Virginity Sales: A Poverty Alleviation Scheme or a Morality Watchdog?

He cuddled her and whispered, “I love you”. There was a long interlude between his proclamation and her, unexpectedly, saying she has to go.  As she stood up from the bed to wear her clothes, she wondered if he meant what he said. “God knows I love him but how do I tell him he has to pay for my virginity?”, she muttered to herself. He offered to drive her home but she refused because she didn’t want him seen by her parents. She is 21 but her parents still consider her a baby. They expect her to remain a virgin until marriage. However, if she doesn’t, the boy responsible for her virginity loss must perform the traditional rights.

As her taxi skidded across town, she reached for her phone and sent him a text.

“I should have told you earlier that as an Oghara girl, you have to come with your parents to my house to perform the traditional rights as regarding my virginity which you just took”.

He is an Igbo boy from Enugu State so he is not accustomed to the traditions of the Urhobo people of Oghara, Delta State. In fact, no non-indigene of the Oghara community is familiar with this tradition, except those who have had to pay the so-called virginity money. This tradition is so unique to the Oghara community that no other Urhobo clan practises it.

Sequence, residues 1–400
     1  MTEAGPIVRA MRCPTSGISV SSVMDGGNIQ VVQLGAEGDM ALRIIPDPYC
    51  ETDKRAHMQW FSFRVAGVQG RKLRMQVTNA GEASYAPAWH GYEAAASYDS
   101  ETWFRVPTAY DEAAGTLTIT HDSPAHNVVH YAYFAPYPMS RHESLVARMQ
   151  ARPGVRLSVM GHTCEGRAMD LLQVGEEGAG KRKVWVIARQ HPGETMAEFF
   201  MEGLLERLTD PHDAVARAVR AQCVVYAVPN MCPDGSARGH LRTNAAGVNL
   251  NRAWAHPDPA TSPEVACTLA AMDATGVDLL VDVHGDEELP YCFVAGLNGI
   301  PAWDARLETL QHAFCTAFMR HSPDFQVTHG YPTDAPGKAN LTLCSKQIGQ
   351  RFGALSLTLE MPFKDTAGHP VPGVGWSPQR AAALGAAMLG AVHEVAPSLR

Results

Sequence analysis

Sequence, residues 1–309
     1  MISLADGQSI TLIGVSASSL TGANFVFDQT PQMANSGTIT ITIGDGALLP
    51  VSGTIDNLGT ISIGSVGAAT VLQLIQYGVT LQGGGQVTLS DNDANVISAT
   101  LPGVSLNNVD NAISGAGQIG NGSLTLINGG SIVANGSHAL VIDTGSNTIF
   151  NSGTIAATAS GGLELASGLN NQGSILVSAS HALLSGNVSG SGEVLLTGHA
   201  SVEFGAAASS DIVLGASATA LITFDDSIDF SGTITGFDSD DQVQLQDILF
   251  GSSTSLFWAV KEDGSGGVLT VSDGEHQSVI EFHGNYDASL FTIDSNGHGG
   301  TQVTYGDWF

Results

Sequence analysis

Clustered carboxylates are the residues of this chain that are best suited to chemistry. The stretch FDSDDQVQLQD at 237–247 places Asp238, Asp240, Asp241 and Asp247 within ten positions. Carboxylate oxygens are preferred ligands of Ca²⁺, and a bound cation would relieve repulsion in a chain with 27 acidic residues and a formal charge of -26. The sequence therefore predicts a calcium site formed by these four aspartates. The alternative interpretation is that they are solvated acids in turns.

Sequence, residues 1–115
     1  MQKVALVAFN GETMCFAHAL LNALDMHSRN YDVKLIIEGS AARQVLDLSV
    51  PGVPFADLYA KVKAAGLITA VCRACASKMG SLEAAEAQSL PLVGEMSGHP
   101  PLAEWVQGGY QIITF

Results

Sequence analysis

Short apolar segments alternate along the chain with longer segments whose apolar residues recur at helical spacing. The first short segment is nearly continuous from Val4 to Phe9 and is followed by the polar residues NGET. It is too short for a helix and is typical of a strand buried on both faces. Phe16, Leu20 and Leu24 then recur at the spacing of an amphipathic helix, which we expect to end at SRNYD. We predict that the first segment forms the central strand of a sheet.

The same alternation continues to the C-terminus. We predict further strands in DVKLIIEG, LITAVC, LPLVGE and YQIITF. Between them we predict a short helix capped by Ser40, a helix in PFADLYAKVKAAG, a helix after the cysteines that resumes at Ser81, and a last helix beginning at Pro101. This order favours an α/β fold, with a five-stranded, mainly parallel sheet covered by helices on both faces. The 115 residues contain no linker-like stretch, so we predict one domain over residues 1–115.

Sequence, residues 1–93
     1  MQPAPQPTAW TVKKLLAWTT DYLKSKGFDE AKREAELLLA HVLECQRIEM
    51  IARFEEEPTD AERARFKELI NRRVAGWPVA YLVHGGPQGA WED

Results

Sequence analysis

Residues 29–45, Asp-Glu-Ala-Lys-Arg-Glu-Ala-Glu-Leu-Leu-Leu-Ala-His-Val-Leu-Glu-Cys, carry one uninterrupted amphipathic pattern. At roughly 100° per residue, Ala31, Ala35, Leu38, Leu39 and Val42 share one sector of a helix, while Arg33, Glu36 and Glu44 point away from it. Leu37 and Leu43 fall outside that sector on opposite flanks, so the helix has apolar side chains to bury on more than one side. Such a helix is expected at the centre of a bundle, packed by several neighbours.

“You haven’t replied my text, whatsup?”, she asked via another text six hours later.

“Please, don’t avoid paying my virginity money to my parents because if you do, bad things will start happening to you and your family”, she continued.

“Still no reply? Well, I have done my part. Don’t say I didn’t warn you when dark clouds starts cycling around you”, she ended.

Worry kept her up all night. In the morning, she offered to go to the market, a task she hates doing. On returning from the market, she met unfamiliar foot wears at the door of her house. She entered to meet him and his parents discussing with her parents. She heard her father say, “You know she is a medical student so her virginity money is considerably higher than the average Oghara girl”. She felt disgusted. “How could her father, a Ph.D holder, be a slave to such an archaic tradition”, she wondered.

Her story goes on but pertinent questions must be asked at this juncture. Considering that the rate of premarital sex in Oghara is just as high as in other parts of Nigeria, is the popular argument that the tradition of virginity money reduces the rate of premarital sex logical? What about boys, who pays for their virginity? Is premarital sex even a bad thing? For the average Oghara family, is this tradition not just a poverty alleviation scheme? I don’t know the answers to these questions but I do know that this practice is a subtle form of gender-based violence.

By Esther Ajari

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